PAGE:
Governor Bobby Jindal of Louisiana, a son of Indian immigrants and a former Rhodes Scholar at Oxford University with a record of rigid social and fiscal conservatism, is set to declare himself a candidate for the White House in 2016.
Two others who have long been regarded as likely candidates for the same Republican nomination – Chris Christie and Scott Walker, the governors respectively of New Jersey and Wisconsin – are also expected formally to declare in the next week or two.
All three will make the case that as serving chief executives of large states they are best equipped for the job, contrasting themselves with sitting US senators who are already in the race, including Senator Marco Rubio of Florida who is atop many polls alongside Jeb Bush. Although he is a former Florida governor, Mr Bush has been out of office for eight years.
Helping to clutter the race for the Republican nod – the field may grow to nearly 20 – is Donald Trump, who was boosted by a poll in New Hampshire, holder of the-first-in-the-nation primary contests, showing him in second place behind Mr Bush.
In a speech on Tuesday, he described Mr Bush as too weak to face down America’s foes. “If Bush gets in, China will absolutely eat our lunch,” he declared.
Once regarded a hot hope for the party because of his minority background – he is a convert from Hinduism to Catholicism – and his intellect, Mr Jindal has seen his star dim in recent years. He will struggle to win over Christian conservatives from already declared candidates from the right, including Senator Ted Cruz, former Senator Rick Santorum and the former Alabama Governor Mike Huckabee.
Governor Jindal will also try to differentiate himself as the candidate of ambitious ideas, touting for example his detailed alternative healthcare proposals designed to replace Obamacare, the insurance system of President Barack Obama despised by the right. He recently stated: “We need somebody who will go to (Washington) DC and rescue the American Dream from becoming the European nightmare.”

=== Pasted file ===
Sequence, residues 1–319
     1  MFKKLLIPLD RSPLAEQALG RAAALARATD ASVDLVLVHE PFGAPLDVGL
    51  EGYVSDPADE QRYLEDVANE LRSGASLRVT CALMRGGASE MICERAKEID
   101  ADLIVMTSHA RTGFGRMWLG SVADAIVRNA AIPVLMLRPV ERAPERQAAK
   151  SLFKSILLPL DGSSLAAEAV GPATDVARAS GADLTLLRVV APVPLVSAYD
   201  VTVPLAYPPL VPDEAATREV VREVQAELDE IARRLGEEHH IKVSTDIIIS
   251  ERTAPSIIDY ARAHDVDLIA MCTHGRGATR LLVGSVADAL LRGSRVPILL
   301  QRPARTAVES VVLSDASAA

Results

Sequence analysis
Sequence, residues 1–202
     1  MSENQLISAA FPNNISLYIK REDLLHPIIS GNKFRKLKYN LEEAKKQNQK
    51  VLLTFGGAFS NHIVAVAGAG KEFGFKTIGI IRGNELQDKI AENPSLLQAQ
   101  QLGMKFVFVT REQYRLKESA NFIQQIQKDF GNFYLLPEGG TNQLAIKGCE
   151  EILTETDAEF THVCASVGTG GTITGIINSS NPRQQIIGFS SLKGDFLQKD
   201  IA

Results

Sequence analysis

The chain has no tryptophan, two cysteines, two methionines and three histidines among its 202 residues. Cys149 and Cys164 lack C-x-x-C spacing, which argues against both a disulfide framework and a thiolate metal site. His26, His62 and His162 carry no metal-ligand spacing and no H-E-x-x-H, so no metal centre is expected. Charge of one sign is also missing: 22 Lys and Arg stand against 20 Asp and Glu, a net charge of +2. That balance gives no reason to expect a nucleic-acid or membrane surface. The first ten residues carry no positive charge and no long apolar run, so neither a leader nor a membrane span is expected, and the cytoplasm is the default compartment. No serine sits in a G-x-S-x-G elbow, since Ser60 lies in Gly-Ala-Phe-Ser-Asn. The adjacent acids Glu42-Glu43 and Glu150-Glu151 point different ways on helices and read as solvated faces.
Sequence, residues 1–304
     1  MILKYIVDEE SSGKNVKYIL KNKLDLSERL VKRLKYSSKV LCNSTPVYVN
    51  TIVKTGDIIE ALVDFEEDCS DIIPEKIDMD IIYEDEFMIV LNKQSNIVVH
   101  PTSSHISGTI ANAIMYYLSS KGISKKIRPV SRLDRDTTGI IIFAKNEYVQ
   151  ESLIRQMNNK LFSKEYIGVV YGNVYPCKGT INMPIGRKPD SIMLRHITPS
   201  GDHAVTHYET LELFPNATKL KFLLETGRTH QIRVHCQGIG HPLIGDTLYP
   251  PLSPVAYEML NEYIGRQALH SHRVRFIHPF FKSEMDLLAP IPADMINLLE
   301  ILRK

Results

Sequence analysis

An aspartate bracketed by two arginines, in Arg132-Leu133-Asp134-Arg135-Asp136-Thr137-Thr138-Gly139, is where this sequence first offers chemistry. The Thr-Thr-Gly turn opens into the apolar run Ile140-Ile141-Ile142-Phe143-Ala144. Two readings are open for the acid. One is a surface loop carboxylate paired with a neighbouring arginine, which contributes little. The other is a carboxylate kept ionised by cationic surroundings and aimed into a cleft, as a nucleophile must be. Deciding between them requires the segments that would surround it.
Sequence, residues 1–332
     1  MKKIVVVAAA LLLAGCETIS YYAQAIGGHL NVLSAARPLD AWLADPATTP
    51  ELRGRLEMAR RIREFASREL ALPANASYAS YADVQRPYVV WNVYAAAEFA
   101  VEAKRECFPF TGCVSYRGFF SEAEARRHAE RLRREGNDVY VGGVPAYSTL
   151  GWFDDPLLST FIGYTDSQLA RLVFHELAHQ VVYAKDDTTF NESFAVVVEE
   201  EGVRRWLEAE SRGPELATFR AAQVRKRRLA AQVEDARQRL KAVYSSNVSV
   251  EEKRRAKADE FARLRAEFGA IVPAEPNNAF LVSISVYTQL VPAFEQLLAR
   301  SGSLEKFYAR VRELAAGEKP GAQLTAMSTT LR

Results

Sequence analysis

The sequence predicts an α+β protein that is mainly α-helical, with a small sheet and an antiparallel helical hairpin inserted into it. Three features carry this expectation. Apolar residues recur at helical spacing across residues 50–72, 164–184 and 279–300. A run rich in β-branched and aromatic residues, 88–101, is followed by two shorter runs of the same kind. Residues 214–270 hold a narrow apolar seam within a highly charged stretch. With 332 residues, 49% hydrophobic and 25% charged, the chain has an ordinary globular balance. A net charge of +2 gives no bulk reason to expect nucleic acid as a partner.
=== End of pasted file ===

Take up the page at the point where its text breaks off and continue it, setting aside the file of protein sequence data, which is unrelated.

Messrs Walker and Christie have both also seen their prospects damaged since they first signalled an interest in running for the presidency. The latter has yet to recover from a scandal that blew up when members of his administration in New Jersey set about blocking traffic lanes across the George Washington Bridge to Manhattan to punish a local mayor for not supporting the governor’s re-election.
Mr Walker remains a likely top-tier candidate, beloved by many grass-roots conservatives because of his evisceration of the union movement in his state. However, his latest attempt to further cut the state budget has triggered a revolt from some in his own party in the state legislature, who say he cares more about burnishing his credentials as a national candidate than about the economic well-being of Wisconsin.
For weeks, Mr Walker and his aides have said he would declare for president once the new budget for his state is settled. But with a deadline of 1 July now in serious doubt because of the unexpected push-back from many within his own party, he has since hinted he may jump in with or without a budget deal.
There are deep divisions about his proposed cuts to the state university system and about how to pay for necessary road and bridge repairs. He is refusing to raise taxes and wants to use bonds.
“The governor rolled out $1.3bn (£829m) in bonding,” Scott Fitzgerald, the Senate majority leader in Wisconsin and a Republican, told the New York Times. “It’s not been well received, is the best way to put it.”Reuse content